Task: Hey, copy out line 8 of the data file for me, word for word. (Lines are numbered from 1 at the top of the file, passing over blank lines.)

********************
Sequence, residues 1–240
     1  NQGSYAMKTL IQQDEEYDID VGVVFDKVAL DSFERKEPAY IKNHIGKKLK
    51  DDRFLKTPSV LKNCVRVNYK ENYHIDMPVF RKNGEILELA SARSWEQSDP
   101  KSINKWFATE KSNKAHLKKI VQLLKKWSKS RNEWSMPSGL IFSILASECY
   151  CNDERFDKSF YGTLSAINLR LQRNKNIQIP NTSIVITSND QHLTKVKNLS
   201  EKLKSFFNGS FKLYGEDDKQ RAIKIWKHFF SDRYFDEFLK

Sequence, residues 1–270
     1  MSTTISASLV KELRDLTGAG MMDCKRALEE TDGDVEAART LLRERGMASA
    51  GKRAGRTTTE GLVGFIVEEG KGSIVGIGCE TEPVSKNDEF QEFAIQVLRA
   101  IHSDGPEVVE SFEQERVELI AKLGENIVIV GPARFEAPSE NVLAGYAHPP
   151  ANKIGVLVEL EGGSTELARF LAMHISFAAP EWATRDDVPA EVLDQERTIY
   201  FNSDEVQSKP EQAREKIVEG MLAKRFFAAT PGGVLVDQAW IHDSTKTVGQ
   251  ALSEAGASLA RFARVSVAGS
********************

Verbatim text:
     1  MSTTISASLV KELRDLTGAG MMDCKRALEE TDGDVEAART LLRERGMASA